The group is diverse and has members in their teens to their 80s. They even have a mother-daughter duo. Joanna and Jenna Washburn joined the club in January. Since then, it has become a priority in their lives.
"We look forward to it. It's something we can do together," said Joanna Washburn.
As the group continues to grow, Gerber wants to make sure every woman has a shot at protecting themselves.
"We're trying to get them all avenues they can use to hopefully save their life one day," said Gerber.
757 Ladies Packing Heat has expanded tremendously since its inception. Gerber says the second largest growing demographic is senior citizens. They plan to start catering to that group soon.
CENTENNIAL, Colorado -- Marc Rabinoff lines up the paper target in the sites of his Wilson Combat 9 mm handgun and squeezes the trigger. “I love doing this,” he says as the shot echoes around the shooting range. “It’s a great feeling when you hit that target. It’s an accomplishment.”
Rabinoff is engaged in target practice in one of eight V.I.P. lanes at Centennial Gun Club. At 35,000 square feet, the $10 million, 2-year-old facility is Colorado’s largest shooting range and among the biggest in the country. It offers the sort of upscale amenities that have led some to label it a "guntry club." Patrons can rent a sleek boardroom for corporate gatherings. The 5,000-square-foot gun shop offers “Gun Tote’n Mamas” concealed carry purses and other items marketed to women, who make up 35 percent of the operation’s clientele. And Rabinoff pays a hefty membership fee to frequent the Statesman’s Lounge, an exclusive section of the range -- accessible via a retina scan -- where professional athletes and other luminaries enjoy private lockers, a cigar bar, a pool table and a private shooting range.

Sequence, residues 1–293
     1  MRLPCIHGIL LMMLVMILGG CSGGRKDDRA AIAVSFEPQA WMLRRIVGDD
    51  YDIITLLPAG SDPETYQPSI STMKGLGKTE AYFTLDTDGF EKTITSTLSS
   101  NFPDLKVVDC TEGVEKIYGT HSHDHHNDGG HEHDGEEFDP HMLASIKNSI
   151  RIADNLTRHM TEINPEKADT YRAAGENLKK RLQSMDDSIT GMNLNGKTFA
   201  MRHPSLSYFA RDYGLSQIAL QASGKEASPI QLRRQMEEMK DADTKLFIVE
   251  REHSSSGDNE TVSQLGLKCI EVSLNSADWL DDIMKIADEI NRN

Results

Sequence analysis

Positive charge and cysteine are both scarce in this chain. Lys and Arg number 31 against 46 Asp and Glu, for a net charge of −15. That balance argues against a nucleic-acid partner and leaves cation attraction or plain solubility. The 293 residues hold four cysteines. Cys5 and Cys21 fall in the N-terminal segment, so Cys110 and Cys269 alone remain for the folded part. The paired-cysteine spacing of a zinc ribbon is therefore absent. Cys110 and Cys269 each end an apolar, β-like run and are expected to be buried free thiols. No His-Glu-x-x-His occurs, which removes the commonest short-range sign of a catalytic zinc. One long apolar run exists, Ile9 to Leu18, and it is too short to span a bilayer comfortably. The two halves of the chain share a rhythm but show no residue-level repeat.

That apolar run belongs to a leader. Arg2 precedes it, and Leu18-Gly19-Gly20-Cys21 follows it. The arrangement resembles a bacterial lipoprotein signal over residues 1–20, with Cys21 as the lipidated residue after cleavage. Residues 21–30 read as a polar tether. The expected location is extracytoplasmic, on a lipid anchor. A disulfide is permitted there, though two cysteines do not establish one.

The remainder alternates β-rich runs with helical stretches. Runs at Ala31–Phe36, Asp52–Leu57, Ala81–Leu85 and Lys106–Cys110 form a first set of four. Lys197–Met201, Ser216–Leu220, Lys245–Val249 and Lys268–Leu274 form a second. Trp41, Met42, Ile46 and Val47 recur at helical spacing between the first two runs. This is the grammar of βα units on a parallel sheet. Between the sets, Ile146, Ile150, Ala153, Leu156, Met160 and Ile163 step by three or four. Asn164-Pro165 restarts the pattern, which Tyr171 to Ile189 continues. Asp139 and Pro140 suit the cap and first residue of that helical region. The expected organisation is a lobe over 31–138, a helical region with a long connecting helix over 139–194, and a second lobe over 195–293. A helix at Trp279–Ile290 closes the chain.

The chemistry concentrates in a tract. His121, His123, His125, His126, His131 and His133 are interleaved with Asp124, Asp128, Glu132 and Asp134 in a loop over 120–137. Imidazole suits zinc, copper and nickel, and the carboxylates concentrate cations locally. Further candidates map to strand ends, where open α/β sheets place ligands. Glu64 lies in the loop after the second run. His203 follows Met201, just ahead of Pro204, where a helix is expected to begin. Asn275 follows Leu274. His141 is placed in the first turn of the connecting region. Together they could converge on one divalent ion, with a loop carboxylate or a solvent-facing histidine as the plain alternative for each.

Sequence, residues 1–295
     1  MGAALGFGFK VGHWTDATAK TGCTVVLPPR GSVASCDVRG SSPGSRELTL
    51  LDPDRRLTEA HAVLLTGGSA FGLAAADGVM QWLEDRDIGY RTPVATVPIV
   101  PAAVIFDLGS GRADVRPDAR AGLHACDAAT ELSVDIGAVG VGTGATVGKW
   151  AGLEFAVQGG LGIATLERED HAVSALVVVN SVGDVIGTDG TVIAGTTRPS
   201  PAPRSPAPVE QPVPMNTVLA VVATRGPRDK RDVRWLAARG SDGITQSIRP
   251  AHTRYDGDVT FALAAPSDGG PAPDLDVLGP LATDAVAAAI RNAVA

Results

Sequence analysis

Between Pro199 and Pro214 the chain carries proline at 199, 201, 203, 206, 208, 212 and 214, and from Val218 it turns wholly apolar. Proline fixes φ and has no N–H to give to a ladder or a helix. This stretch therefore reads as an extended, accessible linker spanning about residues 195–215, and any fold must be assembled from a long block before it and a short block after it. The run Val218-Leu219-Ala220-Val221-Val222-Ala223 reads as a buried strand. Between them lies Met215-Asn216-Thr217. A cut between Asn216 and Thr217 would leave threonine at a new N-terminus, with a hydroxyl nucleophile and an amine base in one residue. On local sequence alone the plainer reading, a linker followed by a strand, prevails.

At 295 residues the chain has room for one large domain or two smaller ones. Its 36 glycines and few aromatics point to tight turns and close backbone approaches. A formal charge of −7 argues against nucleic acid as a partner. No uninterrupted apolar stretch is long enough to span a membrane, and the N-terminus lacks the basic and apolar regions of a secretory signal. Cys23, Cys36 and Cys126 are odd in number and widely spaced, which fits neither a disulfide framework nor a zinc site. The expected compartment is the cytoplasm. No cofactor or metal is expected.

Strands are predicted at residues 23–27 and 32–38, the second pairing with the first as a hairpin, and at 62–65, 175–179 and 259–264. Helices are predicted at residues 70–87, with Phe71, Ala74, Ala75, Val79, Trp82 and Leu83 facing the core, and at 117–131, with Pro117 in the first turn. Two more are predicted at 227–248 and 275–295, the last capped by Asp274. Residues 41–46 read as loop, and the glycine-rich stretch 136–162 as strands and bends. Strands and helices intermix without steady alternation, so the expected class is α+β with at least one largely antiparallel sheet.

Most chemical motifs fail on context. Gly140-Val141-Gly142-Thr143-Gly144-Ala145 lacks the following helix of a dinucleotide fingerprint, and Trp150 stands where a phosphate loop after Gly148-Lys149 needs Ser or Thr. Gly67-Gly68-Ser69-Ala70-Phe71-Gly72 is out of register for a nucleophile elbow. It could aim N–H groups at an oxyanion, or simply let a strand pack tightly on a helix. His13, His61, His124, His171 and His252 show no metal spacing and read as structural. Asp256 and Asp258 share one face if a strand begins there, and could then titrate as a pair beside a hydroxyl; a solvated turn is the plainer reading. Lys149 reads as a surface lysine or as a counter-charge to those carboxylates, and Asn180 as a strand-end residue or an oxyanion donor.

Lately, business at Centennial Gun Club has been booming, as it has at other shooting ranges nationwide. Ever since the terrorist attacks in Paris last month, the gun club has been welcoming roughly a thousand people a day on the weekends and 600 daily during the week. That amounts to 30 percent more traffic than usual. And this week, CEO Richard Abramson says he’s received three calls from local corporations that are interested in security training classes.
“I’ve never had those calls before,” says Abramson. “I think we are seeing a lot of people buying guns out of fear.”